Environmental change and carbon limitation in trees: a biochemical, ecophysiological and ecosystem appraisal

Peter Millard, Martin Sommerkorn, Gwen-Aelle Grelet

Research output: Contribution to journalLiterature reviewpeer-review

219 Citations (Scopus)


As C-3 photosynthesis is not yet CO2-saturated, forests offer the possibility of enhanced growth and carbon (C) sequestration with rising atmospheric CO2. However, at an ecosystem scale, increased photosynthetic rates are not always translated into faster tree growth, and in free air carbon enrichment (FACE) experiments with trees, the stimulation in above-ground growth often declines with time. So is tree growth C-limited? The evidence is reviewed here at three different scales. First, at the biochemical scale, the role of Rubisco is discussed by considering its evolution and role as a nitrogen (N) storage protein. Second, at the ecophysiological scale, C allocation to gain nutrients from the soil is considered and it is argued that any C limitation is only through a limitation to soil nutrient cycling. Finally, the response of forest ecosystems to rising atmospheric CO2 concentrations is considered and evidence from FACE experiments is discussed. From the three lines of evidence we conclude that the growth of trees is not C-limited, with the key to understanding future responses to climate change being turnover of soil organic matter and nutrient cycling.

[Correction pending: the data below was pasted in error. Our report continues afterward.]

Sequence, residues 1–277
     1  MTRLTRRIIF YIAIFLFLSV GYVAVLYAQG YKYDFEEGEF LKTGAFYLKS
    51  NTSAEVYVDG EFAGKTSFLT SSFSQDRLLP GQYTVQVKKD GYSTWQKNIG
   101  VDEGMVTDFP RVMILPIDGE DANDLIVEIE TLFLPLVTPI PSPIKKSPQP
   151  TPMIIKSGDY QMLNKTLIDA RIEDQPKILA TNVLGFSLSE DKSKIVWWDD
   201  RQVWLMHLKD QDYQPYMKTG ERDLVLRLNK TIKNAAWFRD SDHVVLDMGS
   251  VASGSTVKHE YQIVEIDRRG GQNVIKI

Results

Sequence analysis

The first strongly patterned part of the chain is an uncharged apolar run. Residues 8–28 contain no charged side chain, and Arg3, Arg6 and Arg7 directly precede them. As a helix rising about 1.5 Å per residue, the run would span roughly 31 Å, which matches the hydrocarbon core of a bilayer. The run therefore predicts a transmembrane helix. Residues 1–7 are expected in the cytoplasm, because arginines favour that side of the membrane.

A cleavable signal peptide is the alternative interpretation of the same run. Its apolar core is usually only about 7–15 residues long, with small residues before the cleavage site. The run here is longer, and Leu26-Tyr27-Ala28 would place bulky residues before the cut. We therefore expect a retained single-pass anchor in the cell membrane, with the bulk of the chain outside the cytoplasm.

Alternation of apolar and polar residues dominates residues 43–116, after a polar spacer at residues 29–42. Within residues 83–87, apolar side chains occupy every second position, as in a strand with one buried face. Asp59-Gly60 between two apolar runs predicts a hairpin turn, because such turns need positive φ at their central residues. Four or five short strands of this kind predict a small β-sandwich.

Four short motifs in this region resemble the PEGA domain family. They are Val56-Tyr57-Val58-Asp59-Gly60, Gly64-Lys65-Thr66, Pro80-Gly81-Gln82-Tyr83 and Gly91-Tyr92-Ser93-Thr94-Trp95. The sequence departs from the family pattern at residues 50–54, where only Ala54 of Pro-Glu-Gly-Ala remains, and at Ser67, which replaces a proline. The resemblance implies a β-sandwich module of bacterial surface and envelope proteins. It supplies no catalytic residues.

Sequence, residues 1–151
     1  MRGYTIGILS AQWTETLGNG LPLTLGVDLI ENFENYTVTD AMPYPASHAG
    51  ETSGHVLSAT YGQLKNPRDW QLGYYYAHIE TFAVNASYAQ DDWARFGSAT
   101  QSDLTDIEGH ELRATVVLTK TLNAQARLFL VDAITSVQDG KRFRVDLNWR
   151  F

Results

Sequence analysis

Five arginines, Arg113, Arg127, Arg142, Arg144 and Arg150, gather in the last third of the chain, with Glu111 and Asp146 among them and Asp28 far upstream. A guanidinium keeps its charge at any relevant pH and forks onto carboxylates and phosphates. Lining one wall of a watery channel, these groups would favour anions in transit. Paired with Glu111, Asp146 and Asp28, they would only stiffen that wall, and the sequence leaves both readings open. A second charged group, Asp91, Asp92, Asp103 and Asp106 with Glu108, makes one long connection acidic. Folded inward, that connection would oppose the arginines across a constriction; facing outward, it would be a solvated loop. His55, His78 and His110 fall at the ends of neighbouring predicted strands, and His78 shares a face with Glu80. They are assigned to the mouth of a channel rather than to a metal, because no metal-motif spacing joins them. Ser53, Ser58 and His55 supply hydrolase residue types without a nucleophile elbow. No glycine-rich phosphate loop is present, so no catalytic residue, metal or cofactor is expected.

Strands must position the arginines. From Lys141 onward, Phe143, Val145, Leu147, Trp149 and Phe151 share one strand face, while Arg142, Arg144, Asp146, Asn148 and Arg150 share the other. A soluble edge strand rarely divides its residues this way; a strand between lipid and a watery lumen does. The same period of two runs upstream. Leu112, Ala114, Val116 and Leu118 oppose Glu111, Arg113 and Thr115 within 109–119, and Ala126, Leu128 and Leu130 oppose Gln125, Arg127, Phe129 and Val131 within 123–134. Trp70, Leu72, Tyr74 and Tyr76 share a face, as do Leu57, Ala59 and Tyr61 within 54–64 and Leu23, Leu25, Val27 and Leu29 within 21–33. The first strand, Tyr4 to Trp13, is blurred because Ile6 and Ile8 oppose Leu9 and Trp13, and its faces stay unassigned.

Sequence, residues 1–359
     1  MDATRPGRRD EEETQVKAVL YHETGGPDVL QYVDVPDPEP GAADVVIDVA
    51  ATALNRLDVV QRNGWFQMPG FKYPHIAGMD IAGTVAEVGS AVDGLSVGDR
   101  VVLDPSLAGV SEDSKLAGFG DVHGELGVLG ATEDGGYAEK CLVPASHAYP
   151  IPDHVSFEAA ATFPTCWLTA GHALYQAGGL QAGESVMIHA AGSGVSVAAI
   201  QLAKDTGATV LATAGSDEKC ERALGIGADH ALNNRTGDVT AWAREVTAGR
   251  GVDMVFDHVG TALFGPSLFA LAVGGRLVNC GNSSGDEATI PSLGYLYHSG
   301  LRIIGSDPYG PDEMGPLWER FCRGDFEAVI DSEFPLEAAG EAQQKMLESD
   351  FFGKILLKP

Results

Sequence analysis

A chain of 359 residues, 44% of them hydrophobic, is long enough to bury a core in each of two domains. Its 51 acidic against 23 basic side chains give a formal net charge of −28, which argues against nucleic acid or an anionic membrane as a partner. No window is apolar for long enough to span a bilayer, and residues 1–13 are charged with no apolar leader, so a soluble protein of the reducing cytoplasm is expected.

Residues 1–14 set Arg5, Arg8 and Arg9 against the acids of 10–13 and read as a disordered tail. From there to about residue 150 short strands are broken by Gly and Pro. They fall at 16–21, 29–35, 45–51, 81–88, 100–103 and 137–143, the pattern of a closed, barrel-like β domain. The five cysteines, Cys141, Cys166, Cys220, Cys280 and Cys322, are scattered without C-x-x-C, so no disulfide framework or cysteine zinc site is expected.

Original languageEnglish
Pages (from-to)11-28
Number of pages18
JournalNew Phytologist
Issue number1
Early online date19 Apr 2007
Publication statusPublished - Jul 2007


  • carbon priming
  • ecosystem carbon cycling
  • mycorrhizal fungi
  • nitrogen (N) storage
  • Rubisco
  • soil organic matter
  • soil respiration


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